That policy has proven equally successful at the Carolina Theatre of Durham, North Carolina, together with changes in the way the events are publicized, confirmed Aaron Bale, chief operating officer and director of marketing. In just three years, attendance for live events has doubled, as have concession sales. Revenue for the daily film program is up more than 30% and daily afternoon shows are on “for the first time in 40 years.” Aside from the main auditorium from 1926, year-round Cinema One and Two were created in 1993 during construction of the adjacent Durham Convention Center. Called “The 88-Year-Old Startup” for its own session, the presentation showed “How the Carolina Theatre Reinvented and Revitalized…by Changing Everything It Did.” Under the heading of Retro Film Series, for instance, the Carolina cinemas go “Retrofantasma” (“a monthly double feature where some of the greatest and most fun scary movies ever made are playing on the big screen again”) and offer both “RetroClassics” (“Some of these films are considered masterpieces while others are simply great ‘bad’ movies”) and “RetroTreasures” (“comedies and dramas from the early ’30s through the mid-’90s and the kitchen sink…”). Bale also noted that Retro happens on “one of our big nights, not some off-Wednesday.” He too agreed on the importance of having a professional film buying service and credited Adam Birnbaum, director of film programming for the Avon Theatre in Stamford, Connecticut. Birnbaum previously shared his perspective on “Life Without 35mm” with FJI.
Film buyer Jeffrey Jacobs of Rye, New York, and Dominick Balletta, managing director at Jacob Burns Film Center in Pleasantville, New York, joined the second Conference panel dedicated to film programming. Led by Stephanie Silverman of the Belcourt Theatre (host of next year’s 39th Conference in Nashville, Tennessee) and Russ Collins of the Michigan Theatre in Ann Arbor, Michigan, and Art House Convergence conference director, “Historic Theatres as Centers for Cinema Culture and Education” examined “why modern digital-cinema technology makes cinema exhibition worth considering” and offered a “primer for cinema exhibition in the context of historic theatres,” among other topics.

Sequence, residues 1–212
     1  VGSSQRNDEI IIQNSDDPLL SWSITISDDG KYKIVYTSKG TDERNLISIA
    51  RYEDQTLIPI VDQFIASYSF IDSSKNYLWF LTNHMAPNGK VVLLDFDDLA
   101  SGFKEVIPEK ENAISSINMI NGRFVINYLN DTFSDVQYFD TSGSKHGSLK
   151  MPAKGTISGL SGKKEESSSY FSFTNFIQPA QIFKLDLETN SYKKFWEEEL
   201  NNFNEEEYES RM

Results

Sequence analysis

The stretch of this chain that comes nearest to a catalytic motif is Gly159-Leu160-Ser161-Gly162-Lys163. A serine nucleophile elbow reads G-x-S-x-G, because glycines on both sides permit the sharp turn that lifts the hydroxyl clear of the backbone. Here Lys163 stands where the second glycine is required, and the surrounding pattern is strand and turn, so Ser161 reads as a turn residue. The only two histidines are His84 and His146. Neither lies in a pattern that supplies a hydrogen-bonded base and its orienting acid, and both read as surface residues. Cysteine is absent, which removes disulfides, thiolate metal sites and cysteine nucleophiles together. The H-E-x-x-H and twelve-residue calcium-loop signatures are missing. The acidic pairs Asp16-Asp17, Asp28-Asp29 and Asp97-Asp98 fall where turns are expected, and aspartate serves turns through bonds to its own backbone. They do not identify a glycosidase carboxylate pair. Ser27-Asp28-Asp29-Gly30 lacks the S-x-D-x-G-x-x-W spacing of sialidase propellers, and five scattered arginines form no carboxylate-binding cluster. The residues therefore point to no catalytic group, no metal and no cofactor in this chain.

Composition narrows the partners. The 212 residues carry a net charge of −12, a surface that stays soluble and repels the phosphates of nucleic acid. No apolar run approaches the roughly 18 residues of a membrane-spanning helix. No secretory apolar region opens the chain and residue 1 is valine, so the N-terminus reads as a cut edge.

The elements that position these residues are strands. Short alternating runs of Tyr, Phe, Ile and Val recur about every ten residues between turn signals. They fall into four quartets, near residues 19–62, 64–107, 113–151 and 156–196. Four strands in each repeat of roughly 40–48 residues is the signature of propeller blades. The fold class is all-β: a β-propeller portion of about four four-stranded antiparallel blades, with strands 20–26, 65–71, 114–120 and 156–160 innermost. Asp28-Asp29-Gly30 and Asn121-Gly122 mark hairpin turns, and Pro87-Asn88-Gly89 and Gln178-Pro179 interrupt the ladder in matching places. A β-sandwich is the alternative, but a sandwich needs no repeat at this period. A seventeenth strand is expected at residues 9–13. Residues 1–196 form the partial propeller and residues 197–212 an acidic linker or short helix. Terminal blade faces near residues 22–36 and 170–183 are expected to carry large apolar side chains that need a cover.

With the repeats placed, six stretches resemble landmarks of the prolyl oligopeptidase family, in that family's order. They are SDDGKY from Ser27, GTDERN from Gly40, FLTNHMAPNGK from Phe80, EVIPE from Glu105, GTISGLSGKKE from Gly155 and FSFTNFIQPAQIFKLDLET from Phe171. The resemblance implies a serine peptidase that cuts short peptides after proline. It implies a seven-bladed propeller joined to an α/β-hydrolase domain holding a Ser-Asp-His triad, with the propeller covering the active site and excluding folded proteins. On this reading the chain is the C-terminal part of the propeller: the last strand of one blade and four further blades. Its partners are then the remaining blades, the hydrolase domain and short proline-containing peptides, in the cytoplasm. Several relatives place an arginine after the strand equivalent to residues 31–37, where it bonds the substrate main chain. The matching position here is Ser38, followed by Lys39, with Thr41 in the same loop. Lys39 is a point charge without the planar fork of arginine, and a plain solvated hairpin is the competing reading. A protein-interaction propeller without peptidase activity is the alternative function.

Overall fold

The Conference offered additional hands-on “Tools & Techniques” on subjects such as “Using New Technologies to Build Patron Loyalty…for Life,” “Historic Ornament 101: Where to Begin Putting the Pieces Together” and “Best Practices That Helped the Georgetown Palace Theater Grow its Revenues Over the Last Decade.” The most appropriate to mention for this month’s focus on sound? “That’s Right, the Carpet Pad Goes on the Ceiling: What You Need to Know about Acoustical Materials Before Renovation.”
Celebrations and honors are also an important part of any conference worth its registration fee. Michael Price, executive director of Goodspeed Musicals and an LHAT founding member, received the “Outstanding Individual Contribution Award” for his “lifetime of achievements in theatre and arts management." Closer to our business, Willis and Shirley Johnson of Classic Cinemas were presented with the “Outstanding Historic Theatre Award” for their York Theatre in Elmhurst, Illinois. Selected by a committee of past award winners, the Johnson family’s outstanding work with their 1924 movie house has “demonstrated excellence through community impact, quality of programs and services, and quality of the restoration and rehabilitation of its historic structure.” For several years now, the building’s second floor has been home to the museum, office and archives of LHAT’s sister organization, the Theatre Historical Society of America. “It is always great to see that level of commitment to historic preservation in a small for-profit company,” lauded LHAT’s executive director. With that, Ken Stein also provides the perfect closing remarks and words of inspiration. “The York Theatre is an amazing example of how a small theatre can partner with an entire community to bring about a positive economic development.”
Congratulations to one and all.
The photo of the United Palace above was provided by Matt Lambros © www.afterthefinalcurtain.net. It also appears on page 38 in the September 2014 print edition of Film Journal International alongside two other photos of the onetime Loew’s 175th Street ‘Wonder’ Theatre in Manhattan. For the same edition, Lambros also graciously contributed photos of the LHAT delegates in Times Square (p.39) and the historic Apollo Theater in Harlem, New York City (p.42).